“Now, Sally,” Jane began, “please don’t consider it is at all ignoble to be financially embarrassed. In fact, more than half of our girls are continually ‘rationed,’ as they call a cut in allowance. And if it is only a matter of a pretty little flowered gown——”
“No, that isn’t it,” interrupted Sally.
“The fact is, Miss Allen, we are both getting ready to—escape,” said Shirley, with a double-edged laugh.
“Go home and desert!”
Jane showed her astonishment. “You couldn’t mean anything like that!” she gasped. “Oh, you wouldn’t be so disloyal!”
The girls looked at each other, puzzled, neither seeming to know what might be best to reply. Finally Shirley said:
“You must know, Miss Allen, I am totally unprepared for exams, and I see no reason why I should face them. I plan to stay home after the Christmas vacation.”
“Shirley!” exclaimed Jane. “If you ever knew my dad you wouldn’t treat him like that,” her voice quavered with excitement. “He seems to think more of the record of his scholarship girl than of his own daughter’s achievements. Oh, you can’t mean you are going to cut!”
“Your daddy!” repeated Shirley. “I didn’t suppose he cared a snap for his—beneficiary.”
“Beneficiary indeed! He called you a very different name. He is a great, big western man, with a heart as fine as the hills and a soul as true as their granite.” Jane did not pause to note the effect of her words, although Shirley was almost gasping. “He has what some might call a deep personal interest in the girl he sponsors at Wellington, but it’s more than interest,” she was almost breathless, “it’s affection; my dad just naturally loves the girl he sends here, and if she fails him utterly—–”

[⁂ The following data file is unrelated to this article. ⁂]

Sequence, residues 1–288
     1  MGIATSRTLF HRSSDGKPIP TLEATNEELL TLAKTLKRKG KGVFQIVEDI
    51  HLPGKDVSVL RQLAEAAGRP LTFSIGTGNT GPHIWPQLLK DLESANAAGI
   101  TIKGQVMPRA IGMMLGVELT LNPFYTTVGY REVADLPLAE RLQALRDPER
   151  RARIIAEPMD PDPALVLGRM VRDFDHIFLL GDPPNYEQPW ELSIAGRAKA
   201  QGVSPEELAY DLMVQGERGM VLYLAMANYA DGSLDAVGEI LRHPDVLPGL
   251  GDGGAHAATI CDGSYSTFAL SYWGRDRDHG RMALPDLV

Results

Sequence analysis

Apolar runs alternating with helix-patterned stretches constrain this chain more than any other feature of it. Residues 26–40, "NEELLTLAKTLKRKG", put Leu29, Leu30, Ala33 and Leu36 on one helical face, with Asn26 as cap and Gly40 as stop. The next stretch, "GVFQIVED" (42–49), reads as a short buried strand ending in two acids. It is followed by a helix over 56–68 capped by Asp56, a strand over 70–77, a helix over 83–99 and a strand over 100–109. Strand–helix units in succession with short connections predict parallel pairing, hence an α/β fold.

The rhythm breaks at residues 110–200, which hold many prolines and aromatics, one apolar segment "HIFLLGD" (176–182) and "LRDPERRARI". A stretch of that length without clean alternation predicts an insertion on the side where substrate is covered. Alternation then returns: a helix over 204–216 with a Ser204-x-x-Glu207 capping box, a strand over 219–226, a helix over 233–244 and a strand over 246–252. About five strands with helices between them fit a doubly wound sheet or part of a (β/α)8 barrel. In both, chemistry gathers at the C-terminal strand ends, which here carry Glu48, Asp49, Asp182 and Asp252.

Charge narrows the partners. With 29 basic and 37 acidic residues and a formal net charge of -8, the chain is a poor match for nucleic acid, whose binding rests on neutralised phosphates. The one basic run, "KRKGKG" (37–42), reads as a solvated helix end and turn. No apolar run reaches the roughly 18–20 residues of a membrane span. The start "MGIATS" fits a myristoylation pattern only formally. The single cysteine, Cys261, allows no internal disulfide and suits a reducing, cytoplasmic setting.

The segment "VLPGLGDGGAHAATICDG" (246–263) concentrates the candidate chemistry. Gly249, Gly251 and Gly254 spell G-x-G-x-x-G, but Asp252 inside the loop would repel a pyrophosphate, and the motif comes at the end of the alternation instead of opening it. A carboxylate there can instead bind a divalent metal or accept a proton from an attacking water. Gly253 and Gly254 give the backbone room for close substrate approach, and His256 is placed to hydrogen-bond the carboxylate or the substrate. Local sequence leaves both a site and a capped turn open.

“Stop! Miss Allen, please do,” Shirley entreated. Her face was flushed and her breathing plainly audible. “I had no idea it was like that. Your dad would care? And I would be a coward?”
Sally stood like one shocked into deadly silence. Not even her lips parted, and the color left her face sickly white.
“Don’t you know, don’t you understand what it means for a student to deliberately flunk? Not even to try?” demanded Jane.
“Bobbie!” said Sally to the big girl who was trying to find words. “We have got to try—you cannot—go.”
Then Jane knew why the girls had been calling Shirley Bobbie. It was her companion’s affectionate name for her.
“Yes, Kitten,” Shirley said. “We have got to, but now, how can we do it?”
The situation was becoming more difficult each moment, and when presently Jane Allen left the two freshmen, she had taken on the weight of a new mystery.
Those girls were in a conspiracy to desert before exams. Why?
“Now, what can we do? However are we going to get out of this?” Sally asked Shirley. They seemed desperate.